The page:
Athens, Ga. – University of Georgia Honors student Matthew Sellers of Perry has been named one of 36 national recipients of the 2012 Marshall Scholarship to pursue graduate studies in the United Kingdom. He is the fifth UGA student to earn the award in the past decade and the sixth overall from the university.
Sellers, who is a UGA Foundation Fellow, plans to pursue a master of studies program in modern literature followed by a doctor of philosophy program in English language and literature at England’s Oxford University. He will graduate from UGA in May with a bachelor’s degree in English and a minor in history.
“The Marshall Scholarship furthers America’s bond with its oldest and most faithful ally, Great Britain, while also advancing UGA’s goal of internationalizing the student experience,” said UGA President Michael F. Adams. “It is a mark of quality that Matthew is the fifth UGA student to earn this opportunity in the past several years. I am very proud of him, and I know that he will represent UGA well.”
More than 1,000 students applied for the scholarship, which was established in 1953 as a gesture of gratitude to the U.S. for the assistance the U.K. received after World War II under the Marshall Plan. Considered one of the highest academic honors American post-baccalaureate students can receive, the scholarships provide funding for up to three years of graduate study in any field at a university in the U.K.
“The Marshall Scholarship program helps to ensure an enduring and close relationship between the future leaders of the U.K. and the U.S.,” said British Consul General Annabelle Malins. “The roster of former Marshall Scholars reads like a ‘Who’s Who’ of leaders from all walks of American life-from the top levels of the U.S. government to leading innovators such as Reid Hoffman, founder of LinkedIn.”
While at UGA, Sellers has taken advantage of research, internship and travel opportunities to prepare for a teaching and research career in academia. He became interested in studying literature after completing a research project as a 2009 summer fellow with UGA’s Center for Undergraduate Research Opportunities. Sellers focused on the poetry of Pulitzer Prize-winner Robert Penn Warren under the guidance of English professor Hugh Ruppersburg, who currently serves as interim dean of UGA’s Franklin College of Arts and Sciences.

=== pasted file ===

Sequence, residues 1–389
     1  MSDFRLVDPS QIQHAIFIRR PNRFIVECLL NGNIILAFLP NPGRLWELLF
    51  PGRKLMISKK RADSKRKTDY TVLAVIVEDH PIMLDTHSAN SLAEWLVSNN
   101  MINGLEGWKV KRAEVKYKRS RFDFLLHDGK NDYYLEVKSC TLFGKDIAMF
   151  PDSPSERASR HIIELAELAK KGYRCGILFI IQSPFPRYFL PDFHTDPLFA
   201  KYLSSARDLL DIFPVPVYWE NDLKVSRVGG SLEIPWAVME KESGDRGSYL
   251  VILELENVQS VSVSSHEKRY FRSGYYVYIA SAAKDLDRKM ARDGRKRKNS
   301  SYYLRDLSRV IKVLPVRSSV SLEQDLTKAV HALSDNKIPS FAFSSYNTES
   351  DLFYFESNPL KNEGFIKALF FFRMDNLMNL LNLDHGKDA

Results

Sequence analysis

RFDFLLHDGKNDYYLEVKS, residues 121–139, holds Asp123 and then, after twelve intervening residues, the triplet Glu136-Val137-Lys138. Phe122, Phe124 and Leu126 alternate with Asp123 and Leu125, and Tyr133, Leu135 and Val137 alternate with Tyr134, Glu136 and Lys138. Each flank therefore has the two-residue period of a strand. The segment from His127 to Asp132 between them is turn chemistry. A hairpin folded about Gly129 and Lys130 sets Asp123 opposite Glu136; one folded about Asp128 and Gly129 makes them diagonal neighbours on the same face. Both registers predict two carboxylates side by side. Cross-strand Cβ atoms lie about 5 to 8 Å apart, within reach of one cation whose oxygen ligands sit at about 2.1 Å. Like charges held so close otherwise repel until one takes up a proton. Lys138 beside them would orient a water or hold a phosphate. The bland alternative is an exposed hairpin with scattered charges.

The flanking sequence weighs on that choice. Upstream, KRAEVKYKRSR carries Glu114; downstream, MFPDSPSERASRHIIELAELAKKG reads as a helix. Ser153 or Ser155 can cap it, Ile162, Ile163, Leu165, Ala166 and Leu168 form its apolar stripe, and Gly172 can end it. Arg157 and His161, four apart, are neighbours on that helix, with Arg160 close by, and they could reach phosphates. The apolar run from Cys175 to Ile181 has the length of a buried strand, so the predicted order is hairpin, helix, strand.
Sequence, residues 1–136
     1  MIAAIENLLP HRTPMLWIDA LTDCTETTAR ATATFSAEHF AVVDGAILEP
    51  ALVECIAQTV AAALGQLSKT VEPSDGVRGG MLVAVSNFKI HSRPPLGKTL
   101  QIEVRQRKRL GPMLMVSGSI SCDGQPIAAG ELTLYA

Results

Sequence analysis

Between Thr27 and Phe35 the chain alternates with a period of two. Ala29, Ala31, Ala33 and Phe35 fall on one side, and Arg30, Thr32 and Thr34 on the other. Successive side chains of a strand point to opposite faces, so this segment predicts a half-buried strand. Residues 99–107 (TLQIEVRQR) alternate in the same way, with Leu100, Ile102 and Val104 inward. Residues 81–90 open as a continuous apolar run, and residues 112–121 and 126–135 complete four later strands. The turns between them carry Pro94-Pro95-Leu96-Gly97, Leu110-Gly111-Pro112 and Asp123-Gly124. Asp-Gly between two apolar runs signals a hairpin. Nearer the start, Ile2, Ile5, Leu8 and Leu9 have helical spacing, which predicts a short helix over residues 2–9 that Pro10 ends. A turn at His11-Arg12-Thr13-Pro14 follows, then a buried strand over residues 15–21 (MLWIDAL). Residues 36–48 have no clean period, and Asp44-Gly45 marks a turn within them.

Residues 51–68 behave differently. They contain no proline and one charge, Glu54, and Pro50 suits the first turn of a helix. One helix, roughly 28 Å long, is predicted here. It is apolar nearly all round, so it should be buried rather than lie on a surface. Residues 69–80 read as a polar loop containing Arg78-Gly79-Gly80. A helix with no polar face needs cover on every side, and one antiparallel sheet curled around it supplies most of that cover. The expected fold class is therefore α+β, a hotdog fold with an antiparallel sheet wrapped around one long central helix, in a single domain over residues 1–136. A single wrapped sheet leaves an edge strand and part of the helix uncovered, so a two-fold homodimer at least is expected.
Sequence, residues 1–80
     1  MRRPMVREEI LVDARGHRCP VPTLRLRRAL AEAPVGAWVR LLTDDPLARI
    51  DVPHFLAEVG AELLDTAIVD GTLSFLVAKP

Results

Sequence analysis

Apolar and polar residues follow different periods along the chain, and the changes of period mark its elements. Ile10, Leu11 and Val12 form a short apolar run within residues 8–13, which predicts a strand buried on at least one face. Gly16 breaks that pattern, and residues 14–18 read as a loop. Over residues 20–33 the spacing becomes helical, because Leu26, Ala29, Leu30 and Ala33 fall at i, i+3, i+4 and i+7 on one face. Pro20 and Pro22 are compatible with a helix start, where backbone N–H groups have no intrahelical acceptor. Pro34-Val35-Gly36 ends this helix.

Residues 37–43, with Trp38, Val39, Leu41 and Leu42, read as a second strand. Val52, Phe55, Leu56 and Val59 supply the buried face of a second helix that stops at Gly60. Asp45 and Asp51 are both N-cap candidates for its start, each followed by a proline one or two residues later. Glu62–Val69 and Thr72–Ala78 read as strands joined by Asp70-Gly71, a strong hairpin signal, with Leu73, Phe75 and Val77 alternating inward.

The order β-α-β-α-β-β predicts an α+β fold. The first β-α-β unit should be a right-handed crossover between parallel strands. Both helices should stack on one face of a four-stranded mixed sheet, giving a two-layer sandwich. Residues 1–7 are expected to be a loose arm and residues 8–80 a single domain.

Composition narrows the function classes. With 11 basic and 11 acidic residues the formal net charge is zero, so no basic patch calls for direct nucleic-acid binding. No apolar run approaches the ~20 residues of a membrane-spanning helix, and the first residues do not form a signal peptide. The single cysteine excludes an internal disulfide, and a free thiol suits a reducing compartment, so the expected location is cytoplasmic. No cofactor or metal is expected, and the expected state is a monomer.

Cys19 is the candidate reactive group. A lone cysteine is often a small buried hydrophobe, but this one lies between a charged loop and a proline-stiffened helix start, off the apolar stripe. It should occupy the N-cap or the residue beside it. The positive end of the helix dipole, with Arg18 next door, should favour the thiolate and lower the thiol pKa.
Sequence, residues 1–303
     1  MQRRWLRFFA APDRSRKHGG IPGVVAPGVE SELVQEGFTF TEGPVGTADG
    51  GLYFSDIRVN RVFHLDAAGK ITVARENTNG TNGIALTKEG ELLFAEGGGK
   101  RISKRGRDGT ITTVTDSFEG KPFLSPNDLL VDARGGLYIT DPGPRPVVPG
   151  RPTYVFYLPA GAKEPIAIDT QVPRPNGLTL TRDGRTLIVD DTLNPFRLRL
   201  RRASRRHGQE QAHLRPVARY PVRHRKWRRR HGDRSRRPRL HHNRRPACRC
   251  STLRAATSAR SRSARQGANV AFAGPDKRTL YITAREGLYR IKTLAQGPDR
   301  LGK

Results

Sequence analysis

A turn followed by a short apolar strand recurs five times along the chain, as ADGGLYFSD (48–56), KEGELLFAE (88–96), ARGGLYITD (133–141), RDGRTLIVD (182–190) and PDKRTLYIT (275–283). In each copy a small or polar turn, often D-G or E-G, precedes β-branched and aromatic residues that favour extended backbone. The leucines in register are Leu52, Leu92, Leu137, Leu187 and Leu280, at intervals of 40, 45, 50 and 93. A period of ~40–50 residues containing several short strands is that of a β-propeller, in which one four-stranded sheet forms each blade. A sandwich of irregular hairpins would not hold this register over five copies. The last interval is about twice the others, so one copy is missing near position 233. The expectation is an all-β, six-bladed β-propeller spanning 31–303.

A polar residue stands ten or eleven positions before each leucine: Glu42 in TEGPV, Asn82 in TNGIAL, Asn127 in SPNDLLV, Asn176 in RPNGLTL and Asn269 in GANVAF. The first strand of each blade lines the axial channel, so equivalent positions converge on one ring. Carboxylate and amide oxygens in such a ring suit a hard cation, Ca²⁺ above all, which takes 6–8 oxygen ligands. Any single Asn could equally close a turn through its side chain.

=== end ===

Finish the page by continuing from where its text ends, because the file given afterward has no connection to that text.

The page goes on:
Sellers’ summer project eventually evolved into his Honors thesis that he presented at this spring’s CURO undergraduate research symposium at UGA. He explored how Warren depicts populism and populist leaders in fiction and compared those representations to current grassroots political movements such as the Tea Party and Organizing for America.
Two Washington, D.C., internships influenced Sellers’ other interests in public policy research and development. Through UGA’s Honors in Washington program, he interned with the National Association of Counties in 2010. This past summer, he interned with the U.S. Department of Education, working on a new program that promotes sustainability and environmental education.
“I am thrilled to join a group of passionate, engaged scholars working in diverse fields but all committed to making the world a better place,” said Sellers. “Receiving the Marshall Scholarship is a tremendous honor, and I look forward to the opportunities for personal, professional and intellectual growth it presents.”
Sellers has served in several leadership roles with UGA’s chapter of the Roosevelt Institute, a national student-run think tank. He also currently serves as operations manager for UGA’s Journal for Undergraduate Research Opportunities, an online publication encompassing all disciplines.
Sellers traveled to India and the United Kingdom through UGA’s Foundation Fellowship, the university’s most prestigious undergraduate scholarship. Last year, Sellers taught English and mathematics in a primary school in Tanzania. He also has been to France and Italy as a member of the UGA Chamber Choir in the Hodgson School of Music.
“I am very pleased that Matt has earned this level of recognition of his talents and promise,” said David S. Williams, associate provost and director of UGA’s Honors Program, who serves as the UGA faculty representative for the Marshall Scholarship. “He is one of the most erudite students I have ever met. More importantly, his past work and his level of dedication strongly suggest that he is destined to be a force for positive change in society. Oxford will be the perfect place for him to study postcolonial literature and pursue his professional goals.”